Check the mirror

Premier Bracks charges that the federal government’s distribution of additional funded tertiary places is targetted at votes in Queensland and WA. (The Age, 29/1) He may well be right. In an election year, we can expect to hear many more such claims. Indeed the last few months have seen much wailing over policies formed out of electoral self-interest, rather than higher values of justice and equality.

In similar vein, we complain that the major parties now almost mimic one another in policy terms. “Our leaders stand for nothing!” goes the cry. We may be right on all counts. But rarely do we ask why … perhaps because we fear the answer. Were we to ask, the spotlight might just fall more on us the electors, than on those who hold office at our pleasure. The growing proliferation of bumper stickers worded “I … and I vote” may profoundly symbolise the malaise.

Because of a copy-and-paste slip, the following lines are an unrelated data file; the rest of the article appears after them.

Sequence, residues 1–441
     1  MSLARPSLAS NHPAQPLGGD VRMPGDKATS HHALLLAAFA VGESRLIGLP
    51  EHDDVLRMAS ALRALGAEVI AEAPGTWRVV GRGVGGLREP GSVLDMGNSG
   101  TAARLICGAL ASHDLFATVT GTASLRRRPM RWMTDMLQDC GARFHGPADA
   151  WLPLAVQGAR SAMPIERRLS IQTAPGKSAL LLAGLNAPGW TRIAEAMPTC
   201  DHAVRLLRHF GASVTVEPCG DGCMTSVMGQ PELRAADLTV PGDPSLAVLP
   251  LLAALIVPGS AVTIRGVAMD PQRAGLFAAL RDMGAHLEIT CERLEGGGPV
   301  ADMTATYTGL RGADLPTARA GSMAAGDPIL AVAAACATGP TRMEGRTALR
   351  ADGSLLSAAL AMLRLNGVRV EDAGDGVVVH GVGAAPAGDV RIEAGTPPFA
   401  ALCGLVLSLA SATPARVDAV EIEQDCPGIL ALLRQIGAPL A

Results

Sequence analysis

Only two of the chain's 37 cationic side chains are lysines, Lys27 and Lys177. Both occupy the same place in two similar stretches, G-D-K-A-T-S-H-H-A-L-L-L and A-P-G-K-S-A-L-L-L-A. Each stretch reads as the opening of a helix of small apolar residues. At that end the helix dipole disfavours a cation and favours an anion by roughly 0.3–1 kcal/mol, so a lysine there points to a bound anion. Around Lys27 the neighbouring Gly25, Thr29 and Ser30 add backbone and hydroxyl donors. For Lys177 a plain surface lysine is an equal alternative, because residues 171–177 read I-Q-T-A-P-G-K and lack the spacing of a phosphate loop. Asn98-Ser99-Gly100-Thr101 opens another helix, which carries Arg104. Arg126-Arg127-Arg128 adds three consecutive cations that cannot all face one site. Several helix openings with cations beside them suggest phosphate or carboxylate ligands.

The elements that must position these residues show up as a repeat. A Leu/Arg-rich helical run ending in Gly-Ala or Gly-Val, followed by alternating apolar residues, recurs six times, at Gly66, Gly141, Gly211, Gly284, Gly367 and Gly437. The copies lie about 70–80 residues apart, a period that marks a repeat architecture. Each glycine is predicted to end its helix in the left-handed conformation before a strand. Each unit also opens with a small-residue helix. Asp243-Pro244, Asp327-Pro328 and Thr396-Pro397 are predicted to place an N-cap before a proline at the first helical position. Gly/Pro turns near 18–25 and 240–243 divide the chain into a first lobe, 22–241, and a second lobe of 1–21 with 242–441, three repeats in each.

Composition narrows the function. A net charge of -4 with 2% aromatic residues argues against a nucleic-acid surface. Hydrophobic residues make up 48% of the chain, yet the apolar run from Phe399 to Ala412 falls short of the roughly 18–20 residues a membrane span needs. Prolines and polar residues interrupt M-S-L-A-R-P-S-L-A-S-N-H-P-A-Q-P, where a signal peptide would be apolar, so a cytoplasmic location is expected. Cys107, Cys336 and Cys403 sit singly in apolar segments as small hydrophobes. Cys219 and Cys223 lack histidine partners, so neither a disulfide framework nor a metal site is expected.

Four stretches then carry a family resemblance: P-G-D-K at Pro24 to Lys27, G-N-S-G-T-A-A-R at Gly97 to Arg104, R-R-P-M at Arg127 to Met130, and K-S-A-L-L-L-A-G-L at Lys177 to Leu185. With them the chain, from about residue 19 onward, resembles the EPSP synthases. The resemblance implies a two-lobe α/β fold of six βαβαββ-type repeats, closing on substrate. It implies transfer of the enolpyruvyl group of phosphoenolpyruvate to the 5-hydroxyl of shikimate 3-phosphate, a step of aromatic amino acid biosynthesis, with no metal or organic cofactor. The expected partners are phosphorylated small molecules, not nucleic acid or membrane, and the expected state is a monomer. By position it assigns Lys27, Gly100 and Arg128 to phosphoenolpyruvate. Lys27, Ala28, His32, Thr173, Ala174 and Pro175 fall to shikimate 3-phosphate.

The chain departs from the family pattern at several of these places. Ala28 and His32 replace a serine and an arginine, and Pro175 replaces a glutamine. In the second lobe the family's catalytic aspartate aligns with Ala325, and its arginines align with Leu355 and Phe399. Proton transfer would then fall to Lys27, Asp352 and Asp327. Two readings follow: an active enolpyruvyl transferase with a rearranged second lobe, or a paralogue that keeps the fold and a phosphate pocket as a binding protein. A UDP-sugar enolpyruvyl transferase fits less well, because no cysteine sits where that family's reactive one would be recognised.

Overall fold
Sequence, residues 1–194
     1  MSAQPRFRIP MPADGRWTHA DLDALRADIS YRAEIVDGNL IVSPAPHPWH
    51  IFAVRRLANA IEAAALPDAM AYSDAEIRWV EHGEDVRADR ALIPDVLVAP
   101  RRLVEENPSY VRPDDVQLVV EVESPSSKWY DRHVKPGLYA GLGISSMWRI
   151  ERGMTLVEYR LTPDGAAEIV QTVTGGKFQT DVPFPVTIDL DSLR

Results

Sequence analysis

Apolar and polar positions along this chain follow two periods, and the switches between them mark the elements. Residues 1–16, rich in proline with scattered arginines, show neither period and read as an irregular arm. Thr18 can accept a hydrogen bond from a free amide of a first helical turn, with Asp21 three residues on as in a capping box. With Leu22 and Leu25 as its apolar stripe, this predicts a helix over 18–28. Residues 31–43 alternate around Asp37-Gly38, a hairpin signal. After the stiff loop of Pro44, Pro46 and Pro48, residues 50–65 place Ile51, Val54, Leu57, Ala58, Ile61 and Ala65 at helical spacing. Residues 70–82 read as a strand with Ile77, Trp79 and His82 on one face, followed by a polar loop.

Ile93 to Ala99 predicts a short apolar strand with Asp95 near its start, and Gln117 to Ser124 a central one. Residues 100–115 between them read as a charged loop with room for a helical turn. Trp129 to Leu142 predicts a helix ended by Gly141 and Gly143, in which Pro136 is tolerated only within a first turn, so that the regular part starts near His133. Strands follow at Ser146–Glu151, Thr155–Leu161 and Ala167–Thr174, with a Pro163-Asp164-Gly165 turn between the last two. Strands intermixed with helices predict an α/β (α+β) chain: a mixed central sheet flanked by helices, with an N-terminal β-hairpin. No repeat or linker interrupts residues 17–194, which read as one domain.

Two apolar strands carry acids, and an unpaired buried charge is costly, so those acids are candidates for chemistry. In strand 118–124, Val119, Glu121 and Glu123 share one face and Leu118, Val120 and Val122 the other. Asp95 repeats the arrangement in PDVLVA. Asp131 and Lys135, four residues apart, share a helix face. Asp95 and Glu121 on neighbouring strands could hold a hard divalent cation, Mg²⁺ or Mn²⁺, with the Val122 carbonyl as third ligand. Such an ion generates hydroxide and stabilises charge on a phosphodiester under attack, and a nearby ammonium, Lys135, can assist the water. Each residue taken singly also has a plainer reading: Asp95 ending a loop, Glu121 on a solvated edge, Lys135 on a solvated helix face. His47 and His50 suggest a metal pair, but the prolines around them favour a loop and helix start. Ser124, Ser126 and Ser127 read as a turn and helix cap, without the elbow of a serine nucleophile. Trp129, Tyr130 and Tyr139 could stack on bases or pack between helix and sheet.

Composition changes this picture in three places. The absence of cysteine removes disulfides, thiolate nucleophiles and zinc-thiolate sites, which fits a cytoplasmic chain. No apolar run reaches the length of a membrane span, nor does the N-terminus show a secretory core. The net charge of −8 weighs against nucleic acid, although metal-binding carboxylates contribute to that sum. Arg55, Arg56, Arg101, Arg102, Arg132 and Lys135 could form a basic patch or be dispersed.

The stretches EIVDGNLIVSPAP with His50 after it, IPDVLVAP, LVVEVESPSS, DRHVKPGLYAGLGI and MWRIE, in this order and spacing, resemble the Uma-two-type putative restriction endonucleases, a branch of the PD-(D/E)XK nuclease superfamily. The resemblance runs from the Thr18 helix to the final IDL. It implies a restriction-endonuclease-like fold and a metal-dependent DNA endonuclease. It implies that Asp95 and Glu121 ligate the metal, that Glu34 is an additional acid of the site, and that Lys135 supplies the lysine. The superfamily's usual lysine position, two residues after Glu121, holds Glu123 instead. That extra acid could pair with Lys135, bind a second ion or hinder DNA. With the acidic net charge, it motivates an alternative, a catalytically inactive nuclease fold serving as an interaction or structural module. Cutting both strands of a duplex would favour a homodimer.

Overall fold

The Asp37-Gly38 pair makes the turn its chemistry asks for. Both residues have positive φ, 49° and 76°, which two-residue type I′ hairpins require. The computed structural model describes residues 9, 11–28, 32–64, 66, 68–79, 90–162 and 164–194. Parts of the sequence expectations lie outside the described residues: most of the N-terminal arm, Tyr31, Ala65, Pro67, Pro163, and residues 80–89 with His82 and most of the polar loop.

Let’s be honest. We have become a self-serving, greedy culture. Every generation since 1945 has claimed a right to more lifestyle perks than the one before. An unwritten rule for parents is that our kids deserve more than we got. Young home buyers expect a standard beyond the wildest dreams of many of their parents. Twenty years ago we protested when overseas aid fell to 0.4% of GDP, against the UN target of 0.7%. Today few know or care that it’s 0.25% and falling.

Perhaps a glance in the mirror before blaming the pollies?


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